By: Catiyana Adam
January can be one of the busiest months of the year. With summatives, exams, university applications, course selections, tests, and projects crowding our minds, it’s unsurprising that most of us fall victim to stress! But what is stress? Why should you avoid it? And… HOW can you avoid it?
Not all stress is bad. “Eustress” is the technical term for stress that is beneficial – it helps you react and adapt to changing situations. It’s that slight panic that convinces you to get started on your homework before 9pm, or the nervousness about a presentation that prompts you to practice just one more time.
Chronic stress, however, is bad. When our bodies perceive a situation to be life-threatening, our flight-or-fight response kicks in. Your body readies your muscles for action, speeds up your breathing and heart rate, represses any inessential processes (such as digestion or immune response) and tells your kidneys to retain water. But sometimes our body mistakes stressful situations, like a test or a presentation, as life-threatening. When stressors like this trigger a fight-or-flight response on a daily basis, you can just imagine the long term effects! Water retention leads to high blood pressure, a lowered immune system renders you susceptible to illness, and other disorders – such as heart disease and depression – become far more common.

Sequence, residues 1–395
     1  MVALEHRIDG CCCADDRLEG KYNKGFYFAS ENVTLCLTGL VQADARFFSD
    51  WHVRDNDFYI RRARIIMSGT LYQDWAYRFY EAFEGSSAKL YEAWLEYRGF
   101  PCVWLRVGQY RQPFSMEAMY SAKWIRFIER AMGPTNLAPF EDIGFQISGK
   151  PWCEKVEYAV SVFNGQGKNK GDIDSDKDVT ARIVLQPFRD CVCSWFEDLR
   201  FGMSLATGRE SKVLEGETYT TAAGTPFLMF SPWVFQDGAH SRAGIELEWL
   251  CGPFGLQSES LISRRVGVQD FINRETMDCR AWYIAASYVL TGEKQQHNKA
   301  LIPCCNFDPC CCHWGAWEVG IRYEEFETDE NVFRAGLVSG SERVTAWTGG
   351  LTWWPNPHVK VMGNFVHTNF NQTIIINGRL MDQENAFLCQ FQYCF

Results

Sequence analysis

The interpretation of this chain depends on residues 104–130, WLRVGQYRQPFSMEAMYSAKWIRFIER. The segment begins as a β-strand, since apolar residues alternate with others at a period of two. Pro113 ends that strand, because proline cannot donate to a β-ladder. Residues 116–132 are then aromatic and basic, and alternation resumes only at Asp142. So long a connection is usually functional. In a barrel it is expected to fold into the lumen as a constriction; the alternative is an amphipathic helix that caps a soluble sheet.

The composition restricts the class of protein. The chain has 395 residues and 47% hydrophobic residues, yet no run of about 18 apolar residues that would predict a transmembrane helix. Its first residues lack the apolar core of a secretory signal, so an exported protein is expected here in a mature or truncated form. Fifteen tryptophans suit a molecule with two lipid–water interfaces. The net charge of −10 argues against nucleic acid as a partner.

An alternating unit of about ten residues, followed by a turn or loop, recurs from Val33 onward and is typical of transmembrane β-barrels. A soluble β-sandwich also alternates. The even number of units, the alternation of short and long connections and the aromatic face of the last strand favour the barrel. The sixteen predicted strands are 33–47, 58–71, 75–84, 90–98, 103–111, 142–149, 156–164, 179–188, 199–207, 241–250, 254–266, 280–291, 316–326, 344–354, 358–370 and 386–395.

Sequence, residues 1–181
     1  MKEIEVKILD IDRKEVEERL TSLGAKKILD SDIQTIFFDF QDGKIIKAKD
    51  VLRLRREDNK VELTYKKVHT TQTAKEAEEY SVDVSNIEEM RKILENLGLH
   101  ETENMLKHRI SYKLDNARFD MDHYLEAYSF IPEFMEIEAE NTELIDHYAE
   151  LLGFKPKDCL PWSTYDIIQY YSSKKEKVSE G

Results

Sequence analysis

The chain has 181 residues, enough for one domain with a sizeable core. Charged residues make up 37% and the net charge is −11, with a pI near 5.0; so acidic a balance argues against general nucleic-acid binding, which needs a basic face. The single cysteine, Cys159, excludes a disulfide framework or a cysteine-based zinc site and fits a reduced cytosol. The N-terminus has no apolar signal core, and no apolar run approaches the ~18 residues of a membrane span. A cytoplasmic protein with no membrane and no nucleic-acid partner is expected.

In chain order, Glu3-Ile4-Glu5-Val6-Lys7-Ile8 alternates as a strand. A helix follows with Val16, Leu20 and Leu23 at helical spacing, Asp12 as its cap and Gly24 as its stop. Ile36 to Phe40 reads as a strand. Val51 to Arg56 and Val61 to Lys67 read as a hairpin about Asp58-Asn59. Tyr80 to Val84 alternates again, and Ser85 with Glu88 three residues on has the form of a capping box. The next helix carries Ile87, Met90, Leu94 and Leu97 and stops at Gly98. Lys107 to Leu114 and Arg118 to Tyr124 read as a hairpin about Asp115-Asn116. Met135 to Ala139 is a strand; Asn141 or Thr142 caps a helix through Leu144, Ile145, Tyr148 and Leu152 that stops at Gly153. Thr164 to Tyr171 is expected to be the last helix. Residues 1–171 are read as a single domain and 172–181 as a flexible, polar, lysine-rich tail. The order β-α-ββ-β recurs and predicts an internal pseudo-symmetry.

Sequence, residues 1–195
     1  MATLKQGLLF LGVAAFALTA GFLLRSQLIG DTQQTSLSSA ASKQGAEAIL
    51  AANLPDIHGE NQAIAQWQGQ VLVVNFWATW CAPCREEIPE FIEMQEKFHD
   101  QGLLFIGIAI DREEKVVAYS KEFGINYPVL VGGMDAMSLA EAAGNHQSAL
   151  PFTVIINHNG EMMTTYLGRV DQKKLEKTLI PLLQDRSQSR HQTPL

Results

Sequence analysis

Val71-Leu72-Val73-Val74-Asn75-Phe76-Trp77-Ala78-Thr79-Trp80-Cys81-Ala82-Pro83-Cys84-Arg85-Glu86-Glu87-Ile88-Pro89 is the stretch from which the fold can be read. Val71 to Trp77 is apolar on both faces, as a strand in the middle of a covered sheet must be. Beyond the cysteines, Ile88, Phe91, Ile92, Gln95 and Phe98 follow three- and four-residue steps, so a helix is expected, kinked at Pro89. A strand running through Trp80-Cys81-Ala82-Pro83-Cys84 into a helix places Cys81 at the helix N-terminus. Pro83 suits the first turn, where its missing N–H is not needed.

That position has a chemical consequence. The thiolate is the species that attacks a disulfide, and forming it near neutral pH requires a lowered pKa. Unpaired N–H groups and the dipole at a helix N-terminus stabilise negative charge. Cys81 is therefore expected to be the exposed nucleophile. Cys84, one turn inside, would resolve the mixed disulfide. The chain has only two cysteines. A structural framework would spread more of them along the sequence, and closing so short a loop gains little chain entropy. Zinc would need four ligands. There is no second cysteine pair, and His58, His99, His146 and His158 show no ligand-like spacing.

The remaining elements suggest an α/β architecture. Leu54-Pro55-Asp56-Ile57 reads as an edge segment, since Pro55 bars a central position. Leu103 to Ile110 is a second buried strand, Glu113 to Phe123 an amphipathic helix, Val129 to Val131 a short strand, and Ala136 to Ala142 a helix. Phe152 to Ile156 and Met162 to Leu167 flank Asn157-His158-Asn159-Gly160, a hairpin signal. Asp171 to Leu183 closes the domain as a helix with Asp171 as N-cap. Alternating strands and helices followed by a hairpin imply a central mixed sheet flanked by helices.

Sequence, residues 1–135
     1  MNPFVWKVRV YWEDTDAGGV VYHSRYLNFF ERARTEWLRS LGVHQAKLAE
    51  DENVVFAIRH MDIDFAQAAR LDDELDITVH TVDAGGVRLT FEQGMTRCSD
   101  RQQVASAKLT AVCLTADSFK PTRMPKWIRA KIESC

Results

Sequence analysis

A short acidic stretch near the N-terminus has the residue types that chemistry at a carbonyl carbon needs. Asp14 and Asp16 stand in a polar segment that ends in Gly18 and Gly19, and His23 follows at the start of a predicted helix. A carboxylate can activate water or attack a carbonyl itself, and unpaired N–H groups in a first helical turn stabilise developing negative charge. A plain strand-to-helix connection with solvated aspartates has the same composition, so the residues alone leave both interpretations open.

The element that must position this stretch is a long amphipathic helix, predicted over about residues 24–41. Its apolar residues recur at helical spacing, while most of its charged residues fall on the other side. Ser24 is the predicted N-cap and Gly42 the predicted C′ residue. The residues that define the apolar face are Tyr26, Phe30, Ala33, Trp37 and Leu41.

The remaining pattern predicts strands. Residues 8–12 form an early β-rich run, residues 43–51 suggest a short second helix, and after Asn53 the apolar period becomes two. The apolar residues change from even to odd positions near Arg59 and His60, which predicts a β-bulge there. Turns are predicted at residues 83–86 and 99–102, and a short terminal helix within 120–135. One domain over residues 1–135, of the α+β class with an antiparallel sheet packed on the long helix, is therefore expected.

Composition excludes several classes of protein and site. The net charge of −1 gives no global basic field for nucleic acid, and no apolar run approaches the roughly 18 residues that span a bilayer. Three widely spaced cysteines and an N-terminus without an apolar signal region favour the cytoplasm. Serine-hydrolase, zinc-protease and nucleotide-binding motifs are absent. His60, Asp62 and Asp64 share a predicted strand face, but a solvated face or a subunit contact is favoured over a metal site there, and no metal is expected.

Reduce stress! Anticipate stressful situations and prepare for them as best as you can. Recognize the conversation happening between your brain and nerve impulses, and slowly you will begin to decode the stimulants that signify a panic attack. The better you get at this, the quicker you will be able to trigger your “rest-and-digest” responses by command.
Remember: stress is as physiological as it is mental. You CAN be in control!
GOOD LUCK as first semester comes to a close!
You got this!